The fight between George Zimmerman and Trayvon Martin began with two people huffing and puffing in the dark, and then a brief exchange of bitter words.
It wasn’t long before the two were wrestling on the ground, and one of them let out such gut-wrenching howls that several people in the neighborhood thought they might have come from dogs. Witnesses said the tussle grew louder as it made its way up a dark pathway, past several patios, from the concrete back on to grass.
From there, witness accounts diverge.
“The one guy was throwing blows MMA style,” a witness dubbed W6 told Sanford Police, later explaining his reference to mixed martial arts. “The one getting beat up, I’m guessing he was yelling out help, because he didn’t want it to come to that point, and then it came to that point where he was on the concrete. I don’t know if you ever got hit on concrete, it hurts.”
His recorded interview with Sanford Police was just two minutes long.
But like several of the nearly two dozen witnesses interviewed by four different law enforcement agencies, Witness Six was hampered by darkness and, the evidence suggests, influenced by news. A review of the testimony of witnesses to the Feb. 26 killing shows several of them modified their accounts or grew skeptical of their own recall after weeks of heavy news coverage that included marches across the nation demanding Zimmerman’s arrest. Several said they reshaped their stories because of what they learned on TV.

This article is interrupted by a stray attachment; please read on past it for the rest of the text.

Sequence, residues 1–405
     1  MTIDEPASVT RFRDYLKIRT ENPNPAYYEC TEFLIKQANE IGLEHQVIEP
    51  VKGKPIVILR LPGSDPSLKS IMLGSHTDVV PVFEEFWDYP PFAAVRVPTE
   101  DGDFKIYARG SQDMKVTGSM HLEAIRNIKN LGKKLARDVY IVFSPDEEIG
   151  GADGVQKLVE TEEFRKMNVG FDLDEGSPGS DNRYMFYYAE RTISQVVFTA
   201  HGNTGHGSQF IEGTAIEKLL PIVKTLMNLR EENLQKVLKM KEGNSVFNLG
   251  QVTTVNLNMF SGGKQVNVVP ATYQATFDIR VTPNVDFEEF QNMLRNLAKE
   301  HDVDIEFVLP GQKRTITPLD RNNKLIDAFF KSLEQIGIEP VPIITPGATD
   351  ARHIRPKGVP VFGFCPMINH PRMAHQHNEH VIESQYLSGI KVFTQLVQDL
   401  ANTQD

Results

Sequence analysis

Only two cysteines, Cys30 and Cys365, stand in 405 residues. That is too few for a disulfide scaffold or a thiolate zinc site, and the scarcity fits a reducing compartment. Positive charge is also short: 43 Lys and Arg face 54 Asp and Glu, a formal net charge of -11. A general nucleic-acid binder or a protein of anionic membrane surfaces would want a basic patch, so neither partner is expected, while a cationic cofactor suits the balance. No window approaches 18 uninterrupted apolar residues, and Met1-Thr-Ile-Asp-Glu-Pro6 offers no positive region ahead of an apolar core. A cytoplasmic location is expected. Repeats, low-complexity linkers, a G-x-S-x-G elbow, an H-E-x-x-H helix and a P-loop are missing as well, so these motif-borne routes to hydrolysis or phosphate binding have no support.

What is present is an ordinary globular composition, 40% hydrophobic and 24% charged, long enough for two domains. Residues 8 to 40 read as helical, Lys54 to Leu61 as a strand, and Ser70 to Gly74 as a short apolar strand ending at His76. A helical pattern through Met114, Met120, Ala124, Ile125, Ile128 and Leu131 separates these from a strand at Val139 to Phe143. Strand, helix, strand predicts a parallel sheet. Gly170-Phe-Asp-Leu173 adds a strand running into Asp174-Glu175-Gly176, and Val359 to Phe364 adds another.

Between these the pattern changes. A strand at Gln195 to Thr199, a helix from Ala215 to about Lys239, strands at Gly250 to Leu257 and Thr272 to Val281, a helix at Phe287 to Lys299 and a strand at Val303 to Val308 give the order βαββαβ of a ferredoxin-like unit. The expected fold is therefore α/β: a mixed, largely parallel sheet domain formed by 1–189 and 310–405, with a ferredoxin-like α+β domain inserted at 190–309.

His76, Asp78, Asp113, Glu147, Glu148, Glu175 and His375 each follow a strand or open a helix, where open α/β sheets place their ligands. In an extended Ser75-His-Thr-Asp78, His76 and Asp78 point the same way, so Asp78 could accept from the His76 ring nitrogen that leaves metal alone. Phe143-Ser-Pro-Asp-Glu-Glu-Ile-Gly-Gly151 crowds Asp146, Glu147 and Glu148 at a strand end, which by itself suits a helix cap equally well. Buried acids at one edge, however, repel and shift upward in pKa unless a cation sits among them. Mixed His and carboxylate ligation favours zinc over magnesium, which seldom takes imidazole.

In addition, some people heard a second shot that was never fired and saw shirts nobody wore. Together, the testimony they offer is contradictory, possibly of little evidentiary value, and underscores the unreliability of eyewitness testimony in criminal cases.
“Memory does not function like a videotape that records everything and can be replayed at will,” said Karen Newirth, an eyewitness identification litigation fellow at the Innocence Project, a national organization that works to exonerate innocent people. “People remember pieces of events, and then fill in the blanks with what makes sense.”
Based on the descriptions he offered, witness No. 6 — most of the witnesses in the case are identified only by number on prosecution records made public last week — saw Trayvon Martin on top of Zimmerman, punching him. But when he was interviewed three weeks later by the Florida Department of Law Enforcement and a local prosecutor, No. 6 said maybe the man on top wasn’t throwing any punches, and perhaps was just pinning the guy down until the police came. Maybe it wasn’t the guy on the bottom calling for help after all.
“That’s just an assumption,” he said. “I can’t tell who was yelling.”
One witness, No. 2, told Sanford Police she saw two people running, and later, when prompted, she clarified that the space between them was about 10 feet. She saw a “fistfight” – “fists” – she stressed. A week later, she told the same detective that she “more heard it than saw it,” and did not have her contact lenses on.
“It was a glance, running,” she told Sanford Det. Chris Serino. “I kinda more heard it than saw it. I heard it.”
When she met with FDLE investigators, she said she “saw something out there,” perhaps just one person whose feet she heard running.